Ashkin, meanwhile, focused on using optical tweezers to trap and study various living things, including the tobacco mosaic virus, various bacteria, red blood cells, and algea, without damaging them. He went on to probe the internal cell structure, using his tweezers to manipulate the cell's cytoplasm and organelles in what he describes as "a form of internal cell surgery."
The optical tweezers technique Ashkin developed has led to an explosion of biophysical research yielding more and more precise measurements and manipulations of tiny biological systems. Researchers have studied the motion of the molecular motors that are responsible for intra-cell transport, and observed the motion of RNA molecules on a DNA template, at resolutions of less than one nanometer—hundreds of times better than what is achievable with a light microscope. Other groups have used optical tweezers to measure the mechanical properties of intracellular components such as microtubules and actin filaments, discover new species, and study how infectious disease organisms attack healthy cells. "I think there may be a Nobel Prize awarded in biology for the great work being done with optical tweezers," says Ashkin. A review article he wrote in 1997 describes much of this work. Ashkin also wrote a book called Optical Trapping and Manipulation of Neutral Particles Using Lasers.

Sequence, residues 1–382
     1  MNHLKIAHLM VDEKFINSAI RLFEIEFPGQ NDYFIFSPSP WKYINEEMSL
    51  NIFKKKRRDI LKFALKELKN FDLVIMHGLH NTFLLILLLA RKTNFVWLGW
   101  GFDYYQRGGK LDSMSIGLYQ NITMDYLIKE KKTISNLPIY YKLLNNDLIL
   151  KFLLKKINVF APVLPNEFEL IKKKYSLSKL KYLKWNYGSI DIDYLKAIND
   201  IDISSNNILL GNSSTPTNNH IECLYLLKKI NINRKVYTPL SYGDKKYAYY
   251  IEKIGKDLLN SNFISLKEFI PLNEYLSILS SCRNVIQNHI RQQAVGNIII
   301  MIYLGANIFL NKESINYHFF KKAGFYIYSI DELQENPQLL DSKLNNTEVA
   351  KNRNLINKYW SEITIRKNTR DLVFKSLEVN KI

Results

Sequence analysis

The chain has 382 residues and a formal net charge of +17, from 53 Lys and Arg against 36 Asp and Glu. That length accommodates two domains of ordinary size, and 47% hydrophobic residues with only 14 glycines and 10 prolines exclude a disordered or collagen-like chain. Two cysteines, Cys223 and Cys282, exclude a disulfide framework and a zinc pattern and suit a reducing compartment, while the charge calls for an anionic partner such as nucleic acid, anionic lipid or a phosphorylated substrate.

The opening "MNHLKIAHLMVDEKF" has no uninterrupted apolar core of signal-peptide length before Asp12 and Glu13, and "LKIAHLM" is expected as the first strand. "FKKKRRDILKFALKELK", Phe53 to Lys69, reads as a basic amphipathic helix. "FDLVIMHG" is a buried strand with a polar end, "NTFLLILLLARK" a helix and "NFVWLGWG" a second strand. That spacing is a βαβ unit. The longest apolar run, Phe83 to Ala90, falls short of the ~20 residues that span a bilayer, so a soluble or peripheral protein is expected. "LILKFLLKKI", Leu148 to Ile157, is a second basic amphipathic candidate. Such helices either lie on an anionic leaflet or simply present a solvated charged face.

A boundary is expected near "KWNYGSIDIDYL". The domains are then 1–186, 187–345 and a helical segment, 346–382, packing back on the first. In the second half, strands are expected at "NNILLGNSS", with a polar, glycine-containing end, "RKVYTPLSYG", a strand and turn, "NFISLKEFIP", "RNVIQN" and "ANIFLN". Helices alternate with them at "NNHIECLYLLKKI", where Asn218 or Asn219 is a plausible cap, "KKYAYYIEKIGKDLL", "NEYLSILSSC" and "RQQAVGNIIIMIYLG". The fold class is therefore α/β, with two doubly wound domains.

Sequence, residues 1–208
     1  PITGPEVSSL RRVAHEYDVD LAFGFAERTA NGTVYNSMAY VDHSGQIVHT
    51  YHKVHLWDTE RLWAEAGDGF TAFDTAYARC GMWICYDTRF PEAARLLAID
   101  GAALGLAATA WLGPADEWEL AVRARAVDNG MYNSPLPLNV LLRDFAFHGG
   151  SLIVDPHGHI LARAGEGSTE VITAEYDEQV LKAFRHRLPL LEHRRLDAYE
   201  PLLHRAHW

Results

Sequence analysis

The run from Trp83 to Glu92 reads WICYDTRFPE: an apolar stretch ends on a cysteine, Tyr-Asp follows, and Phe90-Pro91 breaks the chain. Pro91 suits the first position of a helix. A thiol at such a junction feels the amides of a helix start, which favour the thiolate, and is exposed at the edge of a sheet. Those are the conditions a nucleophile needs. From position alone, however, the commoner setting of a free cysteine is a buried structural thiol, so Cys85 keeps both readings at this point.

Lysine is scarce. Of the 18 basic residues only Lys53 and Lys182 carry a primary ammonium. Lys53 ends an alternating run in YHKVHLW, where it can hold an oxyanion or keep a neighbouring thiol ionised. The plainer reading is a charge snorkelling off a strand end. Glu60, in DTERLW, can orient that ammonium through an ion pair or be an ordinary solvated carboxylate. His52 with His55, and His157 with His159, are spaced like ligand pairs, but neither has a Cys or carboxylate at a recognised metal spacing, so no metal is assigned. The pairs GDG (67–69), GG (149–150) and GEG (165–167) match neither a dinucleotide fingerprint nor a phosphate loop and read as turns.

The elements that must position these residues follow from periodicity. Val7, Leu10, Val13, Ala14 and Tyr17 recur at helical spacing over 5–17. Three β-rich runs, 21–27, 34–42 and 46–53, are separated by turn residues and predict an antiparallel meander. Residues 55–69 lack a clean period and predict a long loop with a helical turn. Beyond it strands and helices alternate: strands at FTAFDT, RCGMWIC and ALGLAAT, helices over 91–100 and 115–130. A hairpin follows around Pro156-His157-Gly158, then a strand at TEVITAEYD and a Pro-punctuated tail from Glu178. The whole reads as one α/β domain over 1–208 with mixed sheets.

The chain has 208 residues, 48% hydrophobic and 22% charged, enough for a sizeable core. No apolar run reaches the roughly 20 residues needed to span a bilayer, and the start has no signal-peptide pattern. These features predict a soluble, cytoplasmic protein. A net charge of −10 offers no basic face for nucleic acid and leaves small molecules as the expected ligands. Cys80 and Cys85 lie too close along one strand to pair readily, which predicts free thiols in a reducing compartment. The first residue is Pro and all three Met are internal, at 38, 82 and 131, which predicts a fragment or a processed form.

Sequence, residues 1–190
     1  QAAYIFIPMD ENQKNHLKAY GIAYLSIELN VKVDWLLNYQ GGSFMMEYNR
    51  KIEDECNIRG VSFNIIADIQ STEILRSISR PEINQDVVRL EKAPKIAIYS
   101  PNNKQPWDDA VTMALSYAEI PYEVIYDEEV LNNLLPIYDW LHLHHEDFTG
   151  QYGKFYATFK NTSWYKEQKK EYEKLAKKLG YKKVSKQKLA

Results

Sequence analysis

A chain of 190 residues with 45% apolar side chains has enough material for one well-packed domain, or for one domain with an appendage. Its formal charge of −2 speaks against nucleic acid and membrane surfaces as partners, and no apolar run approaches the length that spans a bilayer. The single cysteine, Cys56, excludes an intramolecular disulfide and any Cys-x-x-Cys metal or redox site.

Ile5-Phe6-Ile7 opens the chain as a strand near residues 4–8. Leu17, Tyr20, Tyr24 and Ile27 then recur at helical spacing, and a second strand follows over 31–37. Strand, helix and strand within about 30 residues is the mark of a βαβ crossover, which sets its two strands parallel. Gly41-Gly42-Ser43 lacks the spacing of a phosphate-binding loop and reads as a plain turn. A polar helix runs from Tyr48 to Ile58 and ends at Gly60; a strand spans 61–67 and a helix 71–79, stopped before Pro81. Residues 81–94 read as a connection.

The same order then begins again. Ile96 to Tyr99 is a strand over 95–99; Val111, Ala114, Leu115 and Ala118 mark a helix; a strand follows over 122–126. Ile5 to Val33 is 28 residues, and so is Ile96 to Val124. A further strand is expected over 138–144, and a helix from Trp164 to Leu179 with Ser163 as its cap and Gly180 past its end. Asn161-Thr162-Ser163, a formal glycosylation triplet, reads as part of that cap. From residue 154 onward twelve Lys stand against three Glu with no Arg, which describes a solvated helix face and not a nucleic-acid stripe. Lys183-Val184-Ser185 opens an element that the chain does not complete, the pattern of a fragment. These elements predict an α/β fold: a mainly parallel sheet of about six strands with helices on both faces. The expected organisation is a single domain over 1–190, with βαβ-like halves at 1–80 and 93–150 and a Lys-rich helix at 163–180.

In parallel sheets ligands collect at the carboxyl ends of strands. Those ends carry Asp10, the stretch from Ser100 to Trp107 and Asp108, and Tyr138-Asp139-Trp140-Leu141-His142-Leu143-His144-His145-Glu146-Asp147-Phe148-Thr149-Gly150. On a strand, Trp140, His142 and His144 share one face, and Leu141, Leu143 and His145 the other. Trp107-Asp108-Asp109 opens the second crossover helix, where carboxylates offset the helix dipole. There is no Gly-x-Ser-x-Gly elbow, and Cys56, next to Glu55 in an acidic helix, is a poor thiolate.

Arthur Ashkin retired from Bell Labs in 1992, but he remains active in his home laboratory, which is furnished with some of the same equipment he used during his long, productive career. He has won a long list of prizes and honors, and he is a fellow of OSA, APS, IEEE, and AAAS. In 2009 he was awarded an honorary membership to the Optical Society, described as "a designation reserved for an elite group of individuals who are genuine visionaries in the optics and photonics community." He holds 47 patents and has just filed applications for two more, based on devices he has designed to harness solar energy. Musing on the nature of scientific insight, he says, "How do you get ideas in the first place? It's very hard." Arthur Ashkin has certainly had more than his share of good ideas.